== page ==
There are numerous reasons for a landlord to begin the North Dakota eviction process against a tenant. The most common reason is for nonpayment of rent but others include a tenant who has violated a material provision of the lease. These include the following:
- Conduct that substantially interferes with the rights of other tenants to enjoyment of their units or apartments
- Unreported pets
- Unauthorized persons living in the unit
- Unlawful activity on the premises
Unlawful North Dakota Eviction
A landlord may not take action outside of the judicial process to legally evict a tenant for any reason, no matter if the tenant is engaged in unlawful conduct or has not paid the rent for months. Intimidating or threatening the tenant, locking him or her out, shutting off utilities or physically removing the tenant’s personal possessions are illegal and can subject the landlord to substantial civil damages as well as criminal liability.
A tenant can be evicted during the winter months for nonpayment of rent or for other material violations of the lease agreement.
Landlord and Tenant Obligations
Landlords have an obligation to adhere to housing codes and to maintain their leased units in a safe and habitable condition, to provide smoke detectors, functional plumbing and other systems, and to keep common areas clean and safe.
Tenants must use the facilities in a safe and reasonable manner, to not disturb other tenants, to remove garbage and to comply with the lease provisions and all state and federal laws.
3-Day Notice of Intention to Evict
For nonpayment of rent or for any other of the above lease violations, the landlord must serve a North Dakota Eviction Notice called a 3-Day Notice of Intention to Evict. The notice must be served by the sheriff or process server on the tenant or be left in a conspicuous location such as being posted on the door.
The notice must state that the tenant is permitted 3 days to pay the rent, remove the pet or the unauthorized persons from the premises or to cure any other specific lease provision being violated. The landlord may include a provision that a pet may be permitted if an additional damage deposit is paid within the 3 days.
This notice is not a legal requirement that the tenant move within 3 days since only a court order can force the tenant to vacate.
30-Day Notice to Vacate
If there is no written lease, or the lease term has expired or it has become a month-to-month lease, the landlord must serve a 30-day notice to evict the tenant. No reason for the eviction may be given in this instance.
Summons and Complaint in Unlawful Detainer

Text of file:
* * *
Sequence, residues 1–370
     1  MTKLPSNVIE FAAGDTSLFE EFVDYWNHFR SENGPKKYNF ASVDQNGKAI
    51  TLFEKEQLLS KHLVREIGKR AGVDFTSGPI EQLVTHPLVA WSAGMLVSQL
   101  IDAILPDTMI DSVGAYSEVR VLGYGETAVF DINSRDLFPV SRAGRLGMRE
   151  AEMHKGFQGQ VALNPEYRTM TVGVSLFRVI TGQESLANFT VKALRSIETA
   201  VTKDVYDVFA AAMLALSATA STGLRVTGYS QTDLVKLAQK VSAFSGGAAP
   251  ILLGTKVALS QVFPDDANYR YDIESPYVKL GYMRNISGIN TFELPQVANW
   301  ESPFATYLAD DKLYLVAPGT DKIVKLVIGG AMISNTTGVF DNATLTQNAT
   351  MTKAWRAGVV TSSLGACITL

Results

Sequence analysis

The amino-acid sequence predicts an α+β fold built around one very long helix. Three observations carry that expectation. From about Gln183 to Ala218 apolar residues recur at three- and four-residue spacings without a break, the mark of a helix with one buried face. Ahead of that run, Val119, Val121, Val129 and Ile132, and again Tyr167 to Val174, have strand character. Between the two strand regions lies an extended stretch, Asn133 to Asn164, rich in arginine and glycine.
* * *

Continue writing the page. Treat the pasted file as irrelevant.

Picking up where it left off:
After the 3 days or 30 days has passed and the tenant has either not moved out or has not cured the lease violation, the landlord can proceed to the next step in the North Dakota eviction process by filing and serving a Summons and Complaint in Unlawful Detainer.
The summons contains the time and date for the parties to appear at a court hearing, usually scheduled between 3-15 days after service of the Summons and Complaint.
Service can only be made by a process server or sheriff. If the tenant cannot be served personally, then the process server must sign an affidavit attesting that at least one attempt has been made between the hours of 6:00 p.m. and 10:00 p.m., and that a copy of the Summons and Complaint has been mailed to the tenant’s last known address and posted on the rental unit’s door.
The hearing on the unlawful detainer is held before a judge only. The landlord has the burden of proving by a preponderance of the evidence that the tenant violated a material provision in the lease or has not paid the rent on time.
A tenant may offer any number of defenses including the following:
- Landlord’s violation of warranty of habitability despite given notice and a reasonable time to repair or remedy the condition.
- Retaliatory eviction for tenant exercising a right such as filing a claim with an agency or joining a tenant’s rights union.
- The eviction is for a discriminatory purpose such as national origin, pregnancy, disability, sex or sexual orientation.
- Insufficient notice or service was given.
- No lease violation has occurred.
- The rent was unlawfully increased.
A landlord may be forced to allow a tenant to be released from any further obligations under the lease if the unit has been substantially damaged by something not caused by the tenant and the unit is unlivable.
Writ of Restitution
If the landlord prevails in the North Dakota eviction process hearing, the court will issue a judgment granting possession to the landlord and directing the tenant when to vacate the property but which must not be more than 5 days.
Should the tenant remain past the ordered date to vacate, the landlord can obtain a Writ of Restitution to be given to the sheriff to forcibly remove the tenant. Any personal possessions that the tenant has not removed must be stored for 30-days by the landlord to enable the tenant to reclaim. All storage charges must be paid by the tenant.